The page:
FutureLink Canada (Printing Utilities)
Hiddensoft (AutoIT scripting utility)
Kixtart (Batch Scripting Language)
LearnCitrix.com (Citrix Certification Practice Exams)
Mercury Interactive (Loadrunner Sizing Utilities)
Microsoft Developer Network
Microsoft Licensing Information
Microsoft .NET Home
Microsoft Universal Data Access Website (MDAC, Jet, etc.)
Norton Ghost (Server Imaging Software)
Novell NDS Client Download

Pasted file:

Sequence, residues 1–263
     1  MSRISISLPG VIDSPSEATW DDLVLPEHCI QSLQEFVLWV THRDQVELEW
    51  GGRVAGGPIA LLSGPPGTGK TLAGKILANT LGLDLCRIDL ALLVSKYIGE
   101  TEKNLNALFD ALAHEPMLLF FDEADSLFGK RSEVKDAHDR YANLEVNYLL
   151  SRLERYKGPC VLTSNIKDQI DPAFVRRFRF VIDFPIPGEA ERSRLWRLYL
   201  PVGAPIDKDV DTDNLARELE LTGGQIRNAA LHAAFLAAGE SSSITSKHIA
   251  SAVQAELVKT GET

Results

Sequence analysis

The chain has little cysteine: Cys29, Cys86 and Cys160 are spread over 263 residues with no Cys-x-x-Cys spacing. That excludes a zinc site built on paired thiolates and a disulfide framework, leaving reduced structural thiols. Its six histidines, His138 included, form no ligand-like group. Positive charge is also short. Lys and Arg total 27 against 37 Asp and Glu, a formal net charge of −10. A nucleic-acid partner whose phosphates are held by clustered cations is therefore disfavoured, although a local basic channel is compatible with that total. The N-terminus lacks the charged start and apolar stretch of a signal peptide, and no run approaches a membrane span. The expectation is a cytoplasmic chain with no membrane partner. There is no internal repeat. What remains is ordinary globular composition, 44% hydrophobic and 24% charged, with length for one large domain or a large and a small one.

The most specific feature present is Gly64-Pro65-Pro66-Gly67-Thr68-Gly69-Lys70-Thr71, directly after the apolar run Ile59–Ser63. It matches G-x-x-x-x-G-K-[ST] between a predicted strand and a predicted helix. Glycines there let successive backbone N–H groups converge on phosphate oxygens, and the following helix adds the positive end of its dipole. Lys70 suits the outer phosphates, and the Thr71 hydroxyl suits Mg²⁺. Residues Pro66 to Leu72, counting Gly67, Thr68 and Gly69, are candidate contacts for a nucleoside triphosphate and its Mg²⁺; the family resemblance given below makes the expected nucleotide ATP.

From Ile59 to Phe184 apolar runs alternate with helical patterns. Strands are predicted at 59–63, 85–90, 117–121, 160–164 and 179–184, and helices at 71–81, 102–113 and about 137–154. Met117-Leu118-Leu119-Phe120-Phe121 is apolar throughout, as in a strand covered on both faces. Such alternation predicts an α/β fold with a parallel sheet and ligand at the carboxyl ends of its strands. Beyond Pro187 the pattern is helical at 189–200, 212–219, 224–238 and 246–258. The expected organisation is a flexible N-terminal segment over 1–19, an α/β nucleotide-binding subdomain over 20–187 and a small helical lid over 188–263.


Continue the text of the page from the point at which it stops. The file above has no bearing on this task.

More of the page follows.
Packeteer Packetshaper (Bandwidth Management Hardware)
Project-in-a-Box (Doug Brown's Website)
Scapa Technologies (StressTest Server Sizing Utility)
Sitara QoSWorks (Bandwidth Management Hardware)
StorageSoft ImageCast (Server Imaging Software)
Sun (Java Runtime Environment)
T-scale (Server Optimization Software)
Techtonik ONEAPP (Audit Logging)
The THIN List (Portal for Thin Client Solutions)
Thin Print (Printing Utilities)
triCerat (Printing Utilities)
TweakCitrix (Rick Dehlinger's Tips Site)
VeriSign Internet Software Distribution Certificates
WinBatch (Scripting Utility)
Willamette (SecurID with NFuse Project)
XML File Editors